Over the last few years I’ve seen a lot of art inspired by my novel—collected here—but the image below was made by Elena M.P. Cajal, a Spanish photographer, based not on the novel itself but on my blog posts about the novel.* Elena has kindly given me permission to use it here.
It’s part of an exhibition, Mujeres Poderosas, “Powerful Women: Forgotten by history and religion,” a series of large historical photomontages currently on display at the Palacio de la Isla (Cáceres, western Spain), with images of women like Hild, Hatshepsut, Wu Zetian and Sappho.
This image of Hild, of course, owes a great deal to later legends (that ammonite, for example, is based on the later medieval story of Hild turning all the local snakes to stone). The background image of Whitby shows the ruins of the stone abbey rebuilt in the 13th century, and the harbour, improved many times over the centuries—the first stone pier went up in the 17th century, and its final form took shape towards the end of the 19th century and beginning of the 20th. One image I would like to have seen added to the montage is a seagull soaring over the abbey: an acknowledgement of another legend that seagulls dip their wings in honour of Hild whenever they fly over the cliffs. There again there’s the quill pen, so perhaps that’s close enough.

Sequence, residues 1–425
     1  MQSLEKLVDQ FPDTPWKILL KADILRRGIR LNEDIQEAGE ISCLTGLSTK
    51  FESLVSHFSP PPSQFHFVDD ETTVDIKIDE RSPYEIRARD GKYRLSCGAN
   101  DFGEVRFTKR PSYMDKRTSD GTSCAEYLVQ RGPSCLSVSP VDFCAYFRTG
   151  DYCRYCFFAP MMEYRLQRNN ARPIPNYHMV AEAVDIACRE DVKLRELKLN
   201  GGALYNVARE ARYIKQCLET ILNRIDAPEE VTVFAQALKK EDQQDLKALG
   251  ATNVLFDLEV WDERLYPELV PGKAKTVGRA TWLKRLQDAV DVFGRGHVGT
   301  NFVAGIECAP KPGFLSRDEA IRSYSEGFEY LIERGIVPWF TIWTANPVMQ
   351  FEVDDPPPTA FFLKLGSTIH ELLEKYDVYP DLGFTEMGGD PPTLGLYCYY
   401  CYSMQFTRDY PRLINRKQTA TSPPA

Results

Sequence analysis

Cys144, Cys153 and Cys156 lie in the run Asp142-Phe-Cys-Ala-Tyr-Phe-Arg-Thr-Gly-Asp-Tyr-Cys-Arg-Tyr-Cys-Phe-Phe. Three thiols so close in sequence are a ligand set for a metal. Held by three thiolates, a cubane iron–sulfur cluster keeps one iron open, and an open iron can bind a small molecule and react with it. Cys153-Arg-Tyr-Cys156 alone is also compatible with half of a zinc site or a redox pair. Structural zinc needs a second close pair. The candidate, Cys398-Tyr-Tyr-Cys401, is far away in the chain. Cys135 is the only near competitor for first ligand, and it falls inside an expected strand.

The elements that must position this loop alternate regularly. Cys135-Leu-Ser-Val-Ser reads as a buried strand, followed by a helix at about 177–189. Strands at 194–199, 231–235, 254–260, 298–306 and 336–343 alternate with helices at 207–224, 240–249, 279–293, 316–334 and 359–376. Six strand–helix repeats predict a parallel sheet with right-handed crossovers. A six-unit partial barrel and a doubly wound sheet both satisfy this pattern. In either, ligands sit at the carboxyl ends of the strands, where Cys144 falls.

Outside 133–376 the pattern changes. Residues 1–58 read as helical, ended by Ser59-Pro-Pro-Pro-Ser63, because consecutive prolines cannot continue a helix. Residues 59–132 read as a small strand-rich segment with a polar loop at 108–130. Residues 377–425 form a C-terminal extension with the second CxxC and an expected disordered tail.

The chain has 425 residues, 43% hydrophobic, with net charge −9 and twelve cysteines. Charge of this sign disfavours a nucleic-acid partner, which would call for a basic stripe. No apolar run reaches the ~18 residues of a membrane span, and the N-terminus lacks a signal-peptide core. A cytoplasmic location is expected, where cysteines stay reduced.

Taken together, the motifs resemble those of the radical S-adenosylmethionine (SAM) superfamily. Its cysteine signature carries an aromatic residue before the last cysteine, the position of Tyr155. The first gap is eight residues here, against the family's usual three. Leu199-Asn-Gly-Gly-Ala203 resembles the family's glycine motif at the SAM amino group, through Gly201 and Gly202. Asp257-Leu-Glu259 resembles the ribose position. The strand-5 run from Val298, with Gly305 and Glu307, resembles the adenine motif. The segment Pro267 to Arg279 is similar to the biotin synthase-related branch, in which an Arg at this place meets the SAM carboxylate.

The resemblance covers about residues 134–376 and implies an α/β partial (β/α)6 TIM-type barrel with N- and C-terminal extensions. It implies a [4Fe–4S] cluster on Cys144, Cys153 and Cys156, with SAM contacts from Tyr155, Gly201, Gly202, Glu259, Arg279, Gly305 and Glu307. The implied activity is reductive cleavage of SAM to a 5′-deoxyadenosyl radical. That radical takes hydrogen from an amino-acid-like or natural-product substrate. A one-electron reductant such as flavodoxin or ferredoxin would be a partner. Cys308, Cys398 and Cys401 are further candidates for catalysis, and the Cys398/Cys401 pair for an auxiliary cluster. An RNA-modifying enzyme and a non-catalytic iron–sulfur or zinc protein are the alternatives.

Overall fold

Whitby is one of the few spots in Britain where you can watch the sun both rise and set over the sea (the cliff faces north) but that is not its only magic. If you ever get the chance to visit, do; perhaps you’ll feel the same rush of history fisting up through the turf that I did, a feeling so strong it drove me write about the woman who made the place famous.
*Why? Because Hild does not have a Spanish translation. Why? Because it’s very long, and as well as having to turn modern English into Spanish, the translator would also have to tackle Latin, Old English, Brythonic (that is, my approximation of same based on Old Welsh and bits of Cumbric) and Old Irish. And so far no Spanish publisher has considered it worth the risk.